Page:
Diabetes Risk and Pregnancy DietThe correlation between maternal diet, weight and health and the future health of the fetus has been a hot topic in pregnancy research for more than a decade. Recently, researchers from the University of Madrid found a possible connection between maternal diet and risk of diabetes. According to the study published in the European Journal of Clinical Nutrition, a poor pregnancy diet is not healthy for baby.

Diabetes is diagnosed with a blood glucose test. Elevated blood glucose, as measured using medical standards, is indicative of the condition. Type 1 diabetes, also known as child-onset, is a condition found in children and extending to adulthood. Type 1 diabetes cannot be prevented or cured. Type 2 diabetes, or adult-onset diabetes, is associated with excessive body weight, poor eating habits and other factors. In many cases, type 2 diabetes can be prevented or cured with proper diet and weight loss.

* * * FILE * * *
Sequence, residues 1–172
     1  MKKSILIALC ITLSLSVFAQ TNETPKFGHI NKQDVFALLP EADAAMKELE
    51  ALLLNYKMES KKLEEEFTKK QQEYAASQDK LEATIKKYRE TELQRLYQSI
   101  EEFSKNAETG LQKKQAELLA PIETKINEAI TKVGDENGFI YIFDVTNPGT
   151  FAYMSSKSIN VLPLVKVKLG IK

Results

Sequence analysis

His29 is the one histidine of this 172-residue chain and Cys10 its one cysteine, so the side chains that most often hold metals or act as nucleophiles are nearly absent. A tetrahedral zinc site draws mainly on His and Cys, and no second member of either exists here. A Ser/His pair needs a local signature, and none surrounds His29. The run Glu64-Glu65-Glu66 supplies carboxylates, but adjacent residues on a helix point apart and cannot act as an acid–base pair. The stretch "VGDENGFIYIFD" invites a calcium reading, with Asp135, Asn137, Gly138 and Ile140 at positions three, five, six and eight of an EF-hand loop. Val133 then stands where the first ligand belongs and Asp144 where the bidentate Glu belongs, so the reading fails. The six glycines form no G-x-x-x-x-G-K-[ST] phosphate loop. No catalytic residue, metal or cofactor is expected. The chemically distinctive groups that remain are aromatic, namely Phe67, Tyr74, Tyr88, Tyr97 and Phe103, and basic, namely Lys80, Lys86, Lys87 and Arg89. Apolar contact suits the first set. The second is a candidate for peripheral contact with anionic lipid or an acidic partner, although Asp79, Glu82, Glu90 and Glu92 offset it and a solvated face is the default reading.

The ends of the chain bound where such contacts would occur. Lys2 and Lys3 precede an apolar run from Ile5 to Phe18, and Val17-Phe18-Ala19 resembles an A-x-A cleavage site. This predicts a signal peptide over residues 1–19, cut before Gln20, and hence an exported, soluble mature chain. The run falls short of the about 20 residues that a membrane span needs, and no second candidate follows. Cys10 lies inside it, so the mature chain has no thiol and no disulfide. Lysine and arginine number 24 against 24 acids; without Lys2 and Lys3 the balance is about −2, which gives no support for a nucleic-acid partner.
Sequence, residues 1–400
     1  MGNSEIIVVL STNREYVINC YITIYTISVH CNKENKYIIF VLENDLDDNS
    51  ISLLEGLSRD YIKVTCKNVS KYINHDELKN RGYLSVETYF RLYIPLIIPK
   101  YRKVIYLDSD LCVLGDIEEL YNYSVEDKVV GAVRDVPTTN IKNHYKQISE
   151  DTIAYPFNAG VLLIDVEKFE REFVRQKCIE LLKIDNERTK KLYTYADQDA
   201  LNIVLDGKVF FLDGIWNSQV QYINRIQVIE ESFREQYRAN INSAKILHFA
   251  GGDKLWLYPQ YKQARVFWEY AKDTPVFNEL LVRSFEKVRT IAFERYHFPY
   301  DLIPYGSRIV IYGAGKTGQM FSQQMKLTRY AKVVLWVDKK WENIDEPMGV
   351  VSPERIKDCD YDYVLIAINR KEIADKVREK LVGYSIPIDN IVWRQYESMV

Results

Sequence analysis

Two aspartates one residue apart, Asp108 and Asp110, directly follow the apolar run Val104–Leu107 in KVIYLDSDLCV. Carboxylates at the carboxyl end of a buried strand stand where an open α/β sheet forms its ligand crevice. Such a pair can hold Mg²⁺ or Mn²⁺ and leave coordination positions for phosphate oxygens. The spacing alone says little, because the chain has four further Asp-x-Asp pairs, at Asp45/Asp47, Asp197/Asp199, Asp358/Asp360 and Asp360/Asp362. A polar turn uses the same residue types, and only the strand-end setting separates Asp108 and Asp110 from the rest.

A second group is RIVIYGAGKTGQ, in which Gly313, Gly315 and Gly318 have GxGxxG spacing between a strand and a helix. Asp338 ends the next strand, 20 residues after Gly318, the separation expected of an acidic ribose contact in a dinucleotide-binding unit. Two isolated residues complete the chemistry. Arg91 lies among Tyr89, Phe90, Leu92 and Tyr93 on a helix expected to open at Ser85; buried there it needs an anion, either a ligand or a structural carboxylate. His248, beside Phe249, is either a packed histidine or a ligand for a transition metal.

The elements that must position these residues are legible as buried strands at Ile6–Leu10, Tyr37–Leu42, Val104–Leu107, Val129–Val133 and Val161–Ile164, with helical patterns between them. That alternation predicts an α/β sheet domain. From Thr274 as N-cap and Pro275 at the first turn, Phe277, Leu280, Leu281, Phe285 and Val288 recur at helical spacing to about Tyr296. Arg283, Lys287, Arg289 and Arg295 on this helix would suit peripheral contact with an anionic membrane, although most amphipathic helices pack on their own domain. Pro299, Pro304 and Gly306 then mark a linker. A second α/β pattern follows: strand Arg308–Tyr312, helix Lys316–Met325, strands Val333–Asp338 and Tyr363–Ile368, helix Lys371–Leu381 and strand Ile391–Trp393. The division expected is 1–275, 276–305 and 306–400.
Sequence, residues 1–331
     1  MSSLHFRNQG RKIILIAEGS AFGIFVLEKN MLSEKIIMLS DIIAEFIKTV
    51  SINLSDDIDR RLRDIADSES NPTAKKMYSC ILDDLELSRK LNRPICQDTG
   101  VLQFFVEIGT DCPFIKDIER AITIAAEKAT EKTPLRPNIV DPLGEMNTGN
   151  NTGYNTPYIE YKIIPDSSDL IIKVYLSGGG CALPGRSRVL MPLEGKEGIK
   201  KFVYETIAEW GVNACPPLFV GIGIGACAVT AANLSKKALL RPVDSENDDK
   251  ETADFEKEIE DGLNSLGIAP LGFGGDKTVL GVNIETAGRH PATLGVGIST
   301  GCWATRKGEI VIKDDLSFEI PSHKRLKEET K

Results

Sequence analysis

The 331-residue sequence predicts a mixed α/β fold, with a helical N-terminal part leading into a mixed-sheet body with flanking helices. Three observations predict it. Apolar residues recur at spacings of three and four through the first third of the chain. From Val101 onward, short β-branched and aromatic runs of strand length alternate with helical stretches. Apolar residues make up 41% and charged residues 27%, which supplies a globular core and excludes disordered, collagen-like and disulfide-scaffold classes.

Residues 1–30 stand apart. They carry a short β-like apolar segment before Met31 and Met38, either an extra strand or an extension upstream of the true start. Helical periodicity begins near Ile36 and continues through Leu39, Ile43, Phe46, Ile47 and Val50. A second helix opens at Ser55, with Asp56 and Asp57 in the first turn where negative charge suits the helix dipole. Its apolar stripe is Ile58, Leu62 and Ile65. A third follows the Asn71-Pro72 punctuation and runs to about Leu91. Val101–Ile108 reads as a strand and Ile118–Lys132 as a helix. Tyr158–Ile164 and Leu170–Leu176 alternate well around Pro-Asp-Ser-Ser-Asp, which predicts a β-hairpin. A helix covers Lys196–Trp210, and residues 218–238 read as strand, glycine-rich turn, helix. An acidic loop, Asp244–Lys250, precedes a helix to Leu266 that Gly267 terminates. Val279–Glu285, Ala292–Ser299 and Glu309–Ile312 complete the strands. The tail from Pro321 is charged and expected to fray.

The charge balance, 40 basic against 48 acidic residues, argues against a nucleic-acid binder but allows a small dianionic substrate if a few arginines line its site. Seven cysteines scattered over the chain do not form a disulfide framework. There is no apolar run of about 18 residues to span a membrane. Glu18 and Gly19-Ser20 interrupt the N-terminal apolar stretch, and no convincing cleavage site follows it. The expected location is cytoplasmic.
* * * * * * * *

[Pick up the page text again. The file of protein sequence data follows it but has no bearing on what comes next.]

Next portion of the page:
At the heart of this study is the impact of maternal diet on blood glucose levels. When women consume poor diets that increase blood glucose, during pregnancy, baby also experienced elevated blood glucose levels. Subsequently both mother and child also experience increased insulin levels to combat the elevated blood glucose. While this is not new information, researchers also reported fetal pancreatic development may be altered by these effects thus increasing the risk of diabetes for the infant.

Further research is needed to determine the true definition of healthy pregnancy diet. The perfect combination of protein, fat and carbohydrate has not been successfully determined. A previous study, for instance, found prenatal diets high in fat (even if the mother was a normal weight) increased the risk of diabetes. If high fat and high carbohydrate diets increase risk, protein may be the defining factor – but additional research is needed.

Currently, the definition of a healthy pregnancy diet suggests eating whole grains, high-fiber fruits, lots of green, leafy vegetables and lean protein.

Source: E Gesteiro, B Rodríguez Bernal, S Bastida and F J Sánchez-Muniz. Maternal diets with low healthy eating index or Mediterranean diet adherence scores are associated with high cord-blood insulin levels and insulin resistance markers at birth. European Journal of Clinical Nutrition 2012; doi:10.1038/ejcn.2012.92